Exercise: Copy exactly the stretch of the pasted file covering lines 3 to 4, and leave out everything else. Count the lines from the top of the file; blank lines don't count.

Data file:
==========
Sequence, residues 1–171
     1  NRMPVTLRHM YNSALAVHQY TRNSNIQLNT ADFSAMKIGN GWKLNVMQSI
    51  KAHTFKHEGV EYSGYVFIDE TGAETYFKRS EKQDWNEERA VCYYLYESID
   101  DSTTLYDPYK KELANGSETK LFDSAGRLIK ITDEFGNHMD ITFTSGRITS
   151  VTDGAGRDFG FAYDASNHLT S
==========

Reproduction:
    51  KAHTFKHEGV EYSGYVFIDE TGAETYFKRS EKQDWNEERA VCYYLYESID
   101  DSTTLYDPYK KELANGSETK LFDSAGRLIK ITDEFGNHMD ITFTSGRITS